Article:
I've been asked to set up wireless access for a small church auditorium. Right now I'm thinking my approach will be to get 100' Ethernet cable and 100' extension cord and mount the router on the ceiling or a wall near the middle of the auditorium. Any advice on how to approach this would be helpful.
I'm also trying to find a good router to recommend - right now I'm looking at the Linksys E1200, but I don't know if this is the best option for a public router.
That is a very good router and would work, but like all consumer routers used as access points it will only handle a limited number of connections before it starts dropping them -- usually 12-15 maximum in my experience. If you anticipate more (like folks with cell phones using your wi-fi) you may need to go to a commercial grade access point.
How many clients will it be expected to handle and what shape is the auditorium, any walls of major obstructions inside? Do you plan to use the N or G channels (or mixed) and would you have need for simultaneous dual channel wireless?
I couldn't agree more w/ Realbeast. Remember, when using wireless, everyone is sharing the same wireless freq/channel, so everyone one is queued up for their turn at the wireless radio. And which explains why wireless doesn't scale very well.
When I hear the word "auditorium", I think large numbers of ppl. Even if we assume the room is relatively free of obstructions (esp. if the AP is mounted high), it's almost the least of your concerns. Worst case scenario, some joker is downloading large files or streaming HD content over that same router. You really need to consider a router (or network of routers) that provides QoS controls, perhaps refusing/governing certain traffic based on type, source, etc. Maybe even "per user" bandwidth limits.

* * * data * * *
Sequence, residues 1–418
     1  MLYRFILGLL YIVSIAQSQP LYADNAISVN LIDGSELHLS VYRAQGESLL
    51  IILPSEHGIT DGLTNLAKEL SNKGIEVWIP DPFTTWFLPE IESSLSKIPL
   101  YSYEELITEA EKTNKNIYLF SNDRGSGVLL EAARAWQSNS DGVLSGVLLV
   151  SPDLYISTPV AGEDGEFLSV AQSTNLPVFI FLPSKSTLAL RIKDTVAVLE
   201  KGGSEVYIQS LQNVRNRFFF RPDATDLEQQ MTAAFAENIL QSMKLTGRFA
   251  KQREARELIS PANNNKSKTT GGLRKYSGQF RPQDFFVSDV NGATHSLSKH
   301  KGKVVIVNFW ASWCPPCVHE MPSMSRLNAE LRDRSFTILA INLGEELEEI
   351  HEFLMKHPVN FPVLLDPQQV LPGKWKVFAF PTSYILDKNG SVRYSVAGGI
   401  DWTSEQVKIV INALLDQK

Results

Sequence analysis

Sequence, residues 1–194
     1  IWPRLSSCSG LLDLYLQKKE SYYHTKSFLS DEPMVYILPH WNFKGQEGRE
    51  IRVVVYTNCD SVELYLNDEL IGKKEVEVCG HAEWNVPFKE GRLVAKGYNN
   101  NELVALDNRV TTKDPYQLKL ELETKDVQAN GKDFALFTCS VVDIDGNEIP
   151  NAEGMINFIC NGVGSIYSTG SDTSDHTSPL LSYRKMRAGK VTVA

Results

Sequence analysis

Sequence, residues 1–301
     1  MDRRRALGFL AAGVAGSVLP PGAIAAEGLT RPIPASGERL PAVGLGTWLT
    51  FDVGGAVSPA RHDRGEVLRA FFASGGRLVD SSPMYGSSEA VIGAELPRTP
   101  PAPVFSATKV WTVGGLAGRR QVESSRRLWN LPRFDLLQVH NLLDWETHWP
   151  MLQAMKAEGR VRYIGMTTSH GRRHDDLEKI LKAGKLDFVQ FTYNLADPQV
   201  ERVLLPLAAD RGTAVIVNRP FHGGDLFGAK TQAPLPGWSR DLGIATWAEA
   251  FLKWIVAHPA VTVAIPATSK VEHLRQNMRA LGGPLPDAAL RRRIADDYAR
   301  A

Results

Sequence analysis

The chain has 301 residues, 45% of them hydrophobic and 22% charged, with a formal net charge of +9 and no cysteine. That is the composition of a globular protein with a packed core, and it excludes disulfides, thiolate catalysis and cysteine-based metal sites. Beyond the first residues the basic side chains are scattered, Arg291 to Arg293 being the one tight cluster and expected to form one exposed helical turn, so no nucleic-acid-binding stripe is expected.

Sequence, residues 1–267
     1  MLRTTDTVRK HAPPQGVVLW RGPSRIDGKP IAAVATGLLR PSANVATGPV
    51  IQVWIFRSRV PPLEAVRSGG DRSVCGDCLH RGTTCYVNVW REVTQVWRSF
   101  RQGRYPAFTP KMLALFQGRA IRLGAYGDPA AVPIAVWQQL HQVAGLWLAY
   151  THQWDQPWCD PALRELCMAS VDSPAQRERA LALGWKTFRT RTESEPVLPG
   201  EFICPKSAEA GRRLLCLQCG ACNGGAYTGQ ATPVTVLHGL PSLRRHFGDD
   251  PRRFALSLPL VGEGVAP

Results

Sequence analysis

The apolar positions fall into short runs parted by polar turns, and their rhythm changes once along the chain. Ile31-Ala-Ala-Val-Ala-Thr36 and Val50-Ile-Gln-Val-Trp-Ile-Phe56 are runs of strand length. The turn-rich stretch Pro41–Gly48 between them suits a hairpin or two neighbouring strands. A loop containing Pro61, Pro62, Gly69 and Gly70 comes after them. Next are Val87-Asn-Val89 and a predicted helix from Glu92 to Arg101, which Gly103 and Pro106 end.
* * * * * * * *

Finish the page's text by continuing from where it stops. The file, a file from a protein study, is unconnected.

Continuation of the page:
Now whether any consumer-grade router is up to the challenge, even a good one, is the 64k question. I have serious doubts since the audience these products are intended to attract don’t typically have such requirements. And in turn, the manufacturer sees no need to provide otherwise unnecessary features (esp. for a $40-50 router).
I guess you can always start off small and hope for the best. But don't be surprised if on your first experience w/ a medium to large crowd, you have performance problems.
The point made about a limited number of people able to connect at any one time was my main concern. I'll have to ask about the congregation's average attendance. If it's less than 60 - I would assume the Linksys router would work fairly well. As an alternative though, would this router - D-Link Xtreme-N Duo Wireless Bridge/Access Point (DAP-1522) be more reliable when tasked with servicing a greater number of connections?
No consumer router will handle 60 connections even if they do not use up all the bandwidth available, it is an issue with the number of connected devices.
While that device (the DAP-1522) is fine, it is not simultaneous dual band, and all of your connections are very likely still going to be 2.4GHz band connections anyway (even if you went with a simultaneous dual band) -- so you will saturate the device at somewhere around 12-15 users and then everyone will start getting randomly dropped when new connections occur.
What is your budget?
With 60 users you will definitely need something more than just a single consumer access point or router configured as an AP. You are probably looking at a Cisco Aironet entry level small business AP or the equivalent.
You need to research your purchase carefully to insure that you buy everything that you need, and don't have to later add a wireless LAN controller to make it work that you might not expect up front.
At an average attendance of 60 - I'm assuming not everyone is connected at once, but it's certainly enough people to be pushing the limits of the consumer router. From past observation I would say only 10-20% of the people any congregation I've been to with WiFi are actually using it.
I am not sure what their budget is, but I would guess they wouldn't want to spend an enormous amount of cash if it's a small congregation.
AFAIK that device would require a Cisco Wireless LAN controller and would probably still not be robust enough for your use. You probably need something more like a AIR-AP1041N-x-K9 (not the AIR-LAP1041N as it requires a controller).